Looking for the perfect (and no stress) 4th of July treats for the kids (and let’s face it, adults too)? Ah yes, those red, white, and blue ice pops to the rescue…again. These frozen, tri-color treats are a hallmark of summer and an iconic 4th of July staple, and whether you’re buying them straight from the ice cream truck or in the freezer aisle at the grocery store, there’s no better way to cool off after a hot, sweaty day.

Maybe you know them as Bomb Pops or perhaps you lovingly refer to them as Firecracker Popsicles, or it’s possible you haven’t been paying attention to the proper names of everything you’ve been eating since childhood. Either way, as surprising as it may seem, several subtle variations of this icy delight do exist. Allow us to explode your mind with this breakdown and feel free to put on some soothing tunes via the The Bomb Pops—a Southern California pop-punk band—while we do.

The original version of these patriotic pops dates back to 1955 when D.S. “Doc” Abernethy and James S. Merritt, founders of the now-defunct Merritt Foods, created the Bomb Pop. The cherry, lime, and blue raspberry ice pop was an instant hit and faced virtually no competition for over three decades. The company is now owned and operated by Wells Enterprises (best known for Blue Bunny ice cream) and they’ve since released eight main flavor variations.

It took until 1989 for a new frozen confection that vaguely resembles a pyrotechnic device to hit the market. That’s when the Firecracker Pop was introduced by the Popsicle brand, a subsidiary of Unilever. Yes, it’s another weirdly striated, similarly tri-flavored form of water ice on a stick. Sure, they swap out Bomb Pop’s lime for “white lemon,” but the difference is essentially semantic. I swear they taste exactly the same. Beyond brand, you’d be hard-pressed to differentiate between the two in a line-up.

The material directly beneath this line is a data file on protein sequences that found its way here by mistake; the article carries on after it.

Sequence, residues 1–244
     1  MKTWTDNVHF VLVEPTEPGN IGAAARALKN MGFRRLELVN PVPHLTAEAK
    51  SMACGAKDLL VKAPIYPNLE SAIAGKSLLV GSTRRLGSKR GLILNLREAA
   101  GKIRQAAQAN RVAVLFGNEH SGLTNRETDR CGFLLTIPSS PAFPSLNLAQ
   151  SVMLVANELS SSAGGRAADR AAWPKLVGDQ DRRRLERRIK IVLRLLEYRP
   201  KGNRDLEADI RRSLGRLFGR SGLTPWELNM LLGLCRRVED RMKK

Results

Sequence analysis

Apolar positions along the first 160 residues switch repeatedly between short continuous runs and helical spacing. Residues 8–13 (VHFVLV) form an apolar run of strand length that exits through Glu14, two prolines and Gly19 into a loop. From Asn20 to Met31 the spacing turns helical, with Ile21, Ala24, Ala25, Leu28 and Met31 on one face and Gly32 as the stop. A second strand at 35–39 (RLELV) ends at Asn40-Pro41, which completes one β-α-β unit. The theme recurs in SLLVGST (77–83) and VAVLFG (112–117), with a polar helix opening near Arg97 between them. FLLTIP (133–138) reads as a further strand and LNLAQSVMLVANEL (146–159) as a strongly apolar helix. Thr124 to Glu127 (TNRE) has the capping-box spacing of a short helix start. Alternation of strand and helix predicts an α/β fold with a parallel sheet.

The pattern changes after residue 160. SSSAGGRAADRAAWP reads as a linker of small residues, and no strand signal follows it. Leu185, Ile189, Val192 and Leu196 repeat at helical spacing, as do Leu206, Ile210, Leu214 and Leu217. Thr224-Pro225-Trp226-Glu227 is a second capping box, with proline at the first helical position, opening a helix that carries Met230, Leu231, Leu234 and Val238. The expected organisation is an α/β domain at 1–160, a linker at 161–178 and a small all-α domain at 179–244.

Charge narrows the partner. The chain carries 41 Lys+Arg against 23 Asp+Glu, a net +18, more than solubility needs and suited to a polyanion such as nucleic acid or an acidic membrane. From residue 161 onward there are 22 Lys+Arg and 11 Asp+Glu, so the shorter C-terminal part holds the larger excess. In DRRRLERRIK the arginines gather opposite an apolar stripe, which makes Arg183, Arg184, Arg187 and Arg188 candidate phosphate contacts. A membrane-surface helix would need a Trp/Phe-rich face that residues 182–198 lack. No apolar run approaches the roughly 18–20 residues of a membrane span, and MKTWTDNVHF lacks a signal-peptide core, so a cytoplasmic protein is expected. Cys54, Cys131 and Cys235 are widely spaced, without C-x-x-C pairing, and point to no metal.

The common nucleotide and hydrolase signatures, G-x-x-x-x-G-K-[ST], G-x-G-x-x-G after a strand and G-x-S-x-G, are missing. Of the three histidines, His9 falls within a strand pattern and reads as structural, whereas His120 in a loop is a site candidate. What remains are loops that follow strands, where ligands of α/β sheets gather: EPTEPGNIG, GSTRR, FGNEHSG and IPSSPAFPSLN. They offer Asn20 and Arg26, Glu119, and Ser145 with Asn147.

Ironically, despite Bomb Pops existence prior to Firecrackers, Unilever sued the brand in 2014 for false advertising, alleging that their packaging “mimics and imitates” that of Firecracker Popsicles. There were similar design elements at play for sure—three angled red, white, and blue pops on each box—but to a certain extent, isn’t that expected when your products are nearly identical? This resulted in a cease and desist letter to the company.

However, Wells countersued claiming that the use of the term “original” on the Firecracker package was equally misleading. How could they be “original” if Bomb Pops existed 30 years before their inception? Unilever argued that “original” referred to the Popsicle brand itself. The court ultimately dismissed this countersuit, and you can read more about the insane legal battles spurred by a seemingly innocuous ice pop here. While it may seem like an extreme case, it’s actually a really fascinating look at what can happen when eerily similar and niche products compete for marketplace dominance.

If you’re feeling particularly ambitious, you can forgo both brands and try making your own at home. By using cherry syrup, lime, and raspberry extract, you can take a more natural approach to this summertime staple. This recipe has a pretty good breakdown of how to create each individual layer. But regardless of whether you opt to buy or make these pops, one thing’s for sure—no Independence Day is complete without them.